“Beg, Sl Tog, Inc, Cont, Rep” by Amy Hempel

11May05

I was pleased to find a piece of Amy Hempel’s work in a short story collection because I have seen her work lauded by many sources. Based upon my impressions of this story, her praise is well-deserved. And I want to learn how to knit. Well, I wanted to learn how to knit, but after reading this story knitting seems a little pathetic.

This story deals with abortion in an unexpected, in my opinion, way. While I liked Alice Walker’s “The Abortion”, I didn’t find the content too surprising. But Hempel’s using knitting as a surrogate for reproduction was truly unique.

Learning to knit was the obvious thing. The separation of tangled threads, the working-together of raveled ends into something tangible and whole—this mending was as confounding as the groom who drives into a stop sign on the way to his wedding. Because symptoms mean just what they are. What about the woman whose empty hand won’t close because she cannot grasp that her child is gone?

I’m still trying to puzzle out this paragraph. It quite clearly introduces the idea that the main character has become consumed by knitting as a “symptom” of some emotional experience—an abortion as the reader learns later. The phrase that most puzzles me is “this mending was as confounding as the groom who drives into a stop sign on the way to his wedding.” “Confounding.” Why does she use “confounding” there? Perhaps Hempel is trying to emphasize the apparently contradictory actions: a man on his way to a supposedly joyous occasion causes tragedy by driving into a pole; a woman who has just destroyed a “child” spends all of her time creating things. But where is the paradox in a mother unable to close her hand?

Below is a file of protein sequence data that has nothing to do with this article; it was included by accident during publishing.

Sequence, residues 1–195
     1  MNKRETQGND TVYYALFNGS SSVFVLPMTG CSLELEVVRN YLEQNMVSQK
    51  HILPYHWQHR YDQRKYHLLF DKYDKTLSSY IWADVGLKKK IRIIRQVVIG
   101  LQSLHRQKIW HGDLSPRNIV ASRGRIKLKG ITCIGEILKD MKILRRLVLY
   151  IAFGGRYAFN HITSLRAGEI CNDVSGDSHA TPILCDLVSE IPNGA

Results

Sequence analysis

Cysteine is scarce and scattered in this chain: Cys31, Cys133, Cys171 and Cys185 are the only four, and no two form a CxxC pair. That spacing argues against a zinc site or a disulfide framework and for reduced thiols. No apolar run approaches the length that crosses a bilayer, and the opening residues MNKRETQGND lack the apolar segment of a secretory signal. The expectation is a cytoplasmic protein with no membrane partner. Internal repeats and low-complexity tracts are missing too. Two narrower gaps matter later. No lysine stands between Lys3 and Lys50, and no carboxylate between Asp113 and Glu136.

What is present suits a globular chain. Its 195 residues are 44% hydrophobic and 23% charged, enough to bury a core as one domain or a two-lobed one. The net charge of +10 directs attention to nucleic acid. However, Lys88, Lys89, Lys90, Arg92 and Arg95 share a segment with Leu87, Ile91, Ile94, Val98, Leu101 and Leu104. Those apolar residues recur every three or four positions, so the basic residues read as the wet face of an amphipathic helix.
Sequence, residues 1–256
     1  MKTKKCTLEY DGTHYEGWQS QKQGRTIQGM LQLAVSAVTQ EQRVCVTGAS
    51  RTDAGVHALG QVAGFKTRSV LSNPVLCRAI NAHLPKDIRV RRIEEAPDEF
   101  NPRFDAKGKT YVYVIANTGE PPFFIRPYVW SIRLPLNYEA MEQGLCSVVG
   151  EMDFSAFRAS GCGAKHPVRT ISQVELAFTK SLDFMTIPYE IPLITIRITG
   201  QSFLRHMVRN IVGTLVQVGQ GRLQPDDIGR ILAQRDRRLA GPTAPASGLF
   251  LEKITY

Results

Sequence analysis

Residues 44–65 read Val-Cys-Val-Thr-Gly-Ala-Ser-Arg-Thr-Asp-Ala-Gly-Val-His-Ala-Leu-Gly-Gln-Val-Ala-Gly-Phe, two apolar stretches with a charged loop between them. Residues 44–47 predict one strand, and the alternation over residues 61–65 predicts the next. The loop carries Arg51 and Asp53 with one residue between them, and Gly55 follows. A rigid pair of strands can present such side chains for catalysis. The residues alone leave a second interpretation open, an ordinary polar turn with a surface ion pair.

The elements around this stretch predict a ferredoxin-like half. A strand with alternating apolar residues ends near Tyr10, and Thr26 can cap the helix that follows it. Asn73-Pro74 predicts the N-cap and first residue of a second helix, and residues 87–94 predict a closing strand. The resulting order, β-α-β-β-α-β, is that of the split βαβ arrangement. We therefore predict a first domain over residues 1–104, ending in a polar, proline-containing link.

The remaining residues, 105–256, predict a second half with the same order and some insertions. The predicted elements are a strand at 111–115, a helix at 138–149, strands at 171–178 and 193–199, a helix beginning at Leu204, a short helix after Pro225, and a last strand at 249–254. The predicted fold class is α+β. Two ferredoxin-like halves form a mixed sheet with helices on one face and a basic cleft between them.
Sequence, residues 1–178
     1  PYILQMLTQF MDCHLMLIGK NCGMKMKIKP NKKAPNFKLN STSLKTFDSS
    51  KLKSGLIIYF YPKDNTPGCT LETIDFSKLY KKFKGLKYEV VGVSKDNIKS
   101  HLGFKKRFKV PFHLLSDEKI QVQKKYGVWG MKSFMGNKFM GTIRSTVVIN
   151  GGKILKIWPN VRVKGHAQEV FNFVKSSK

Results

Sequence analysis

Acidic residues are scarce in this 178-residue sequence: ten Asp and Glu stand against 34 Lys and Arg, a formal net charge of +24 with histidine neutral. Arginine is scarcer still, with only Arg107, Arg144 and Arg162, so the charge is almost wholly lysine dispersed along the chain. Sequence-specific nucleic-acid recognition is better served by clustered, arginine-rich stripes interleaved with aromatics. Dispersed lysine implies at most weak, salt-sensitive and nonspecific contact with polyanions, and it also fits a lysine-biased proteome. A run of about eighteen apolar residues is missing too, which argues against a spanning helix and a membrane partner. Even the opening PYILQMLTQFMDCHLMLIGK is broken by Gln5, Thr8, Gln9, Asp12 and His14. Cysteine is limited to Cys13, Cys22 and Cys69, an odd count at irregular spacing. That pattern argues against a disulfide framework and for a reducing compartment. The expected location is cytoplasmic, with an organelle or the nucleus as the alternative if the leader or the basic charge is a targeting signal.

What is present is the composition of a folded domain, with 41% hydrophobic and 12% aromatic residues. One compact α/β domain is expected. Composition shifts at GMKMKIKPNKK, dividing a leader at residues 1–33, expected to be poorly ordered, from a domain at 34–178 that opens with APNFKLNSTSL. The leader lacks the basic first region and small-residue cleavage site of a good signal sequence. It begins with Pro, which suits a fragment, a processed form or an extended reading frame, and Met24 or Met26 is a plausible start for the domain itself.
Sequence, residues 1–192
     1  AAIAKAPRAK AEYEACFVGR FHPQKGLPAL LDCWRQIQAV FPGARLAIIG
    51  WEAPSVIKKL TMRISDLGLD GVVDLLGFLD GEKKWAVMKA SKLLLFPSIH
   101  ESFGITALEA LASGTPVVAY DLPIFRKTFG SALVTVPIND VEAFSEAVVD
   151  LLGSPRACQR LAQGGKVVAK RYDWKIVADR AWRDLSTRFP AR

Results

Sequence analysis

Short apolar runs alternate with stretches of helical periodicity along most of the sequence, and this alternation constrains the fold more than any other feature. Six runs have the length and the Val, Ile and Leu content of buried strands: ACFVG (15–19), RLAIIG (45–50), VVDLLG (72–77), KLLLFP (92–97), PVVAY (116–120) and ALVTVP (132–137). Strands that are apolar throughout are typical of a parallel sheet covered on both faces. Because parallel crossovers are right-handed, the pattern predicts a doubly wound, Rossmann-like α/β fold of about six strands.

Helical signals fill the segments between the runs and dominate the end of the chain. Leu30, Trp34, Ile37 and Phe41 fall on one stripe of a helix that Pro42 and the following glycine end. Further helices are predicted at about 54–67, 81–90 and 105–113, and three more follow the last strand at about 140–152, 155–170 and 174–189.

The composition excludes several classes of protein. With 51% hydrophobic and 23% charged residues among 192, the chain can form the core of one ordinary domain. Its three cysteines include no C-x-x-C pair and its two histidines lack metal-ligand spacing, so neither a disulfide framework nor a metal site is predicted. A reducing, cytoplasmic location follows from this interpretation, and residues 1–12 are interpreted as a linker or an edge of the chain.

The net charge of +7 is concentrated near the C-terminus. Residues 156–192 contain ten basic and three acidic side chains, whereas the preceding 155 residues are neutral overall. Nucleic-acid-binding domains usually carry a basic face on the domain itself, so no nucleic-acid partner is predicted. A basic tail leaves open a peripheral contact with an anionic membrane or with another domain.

I also found this passage intriguing:

I remembered when another doctor made the news. A young retarded boy had found his father’s gun, and while the family slept, he shot them all in bed. The police asked the boy what he had done. But the boy went mute. He told them nothing. Then they called in the doctor.
“We know you didn’t do it,” the doctor said to the boy, “but tell me, did the gun do it?”
And yes, the boy was eager to tell him just what the gun had done.
I wanted the same out, and Dr. Diamond wouldn’t let me have it.

What does she want the out from? Conceiving the child or aborting the child? Or maybe both? Perhaps this suggestion sounds a little silly, but I would imagine that an unexpected and unwanted pregnancy might make a woman feel as though her body had betrayed her. The gun (her reproductive system) had done it and not her. Her boyfriend(?) has a similar reaction to her being pregnant, saying that “he had never made a girl pregnant before. He said that he had never even made a girl late.”

Translation of the title: “Begin, Slip Together, Increase, Continue, Repeat.” I’m trying to figure out the significance of the title. Obviously, it is significant to the main character’s obsession with knitting. But does the title suggest something besides knitting? Like sex, maybe? Eh, probably not. I considered the possibility given that the story pertains to reproduction, but Hempel only discusses pregnancy really and not the sex that causes it. And “begin, slip together, increase, continue, repeat” doesn’t have the same resonance with reproduction as it does with sex.

Besides serving as some kind of penance, knitting also seems to provide the main character with an elite group to join. When the main character finally sees Dale Anne’s baby, she instantly wishes that she had what she does not. However, while she cannot understand Dale Anne’s position, she can understand the language of knitting:

I scan the instructions abbreviated like musical notation: K 10, sl 1, K2 tog, psso, sl 1, K2 to end. I feel I could sing these instructions. It is compression of language into code; your ability to decipher it makes you privy to the secrets shared by Ingrid and the women at the round oak table.

She also mentions at the end of the story the few women of Fair Isles who know how to knit, who knit with undyed wool because there is no lichen to color the wool. Denied the possibility to reproduce, this woman has submerged herself in an activity associated mostly with women, an activity that few women still pursue.

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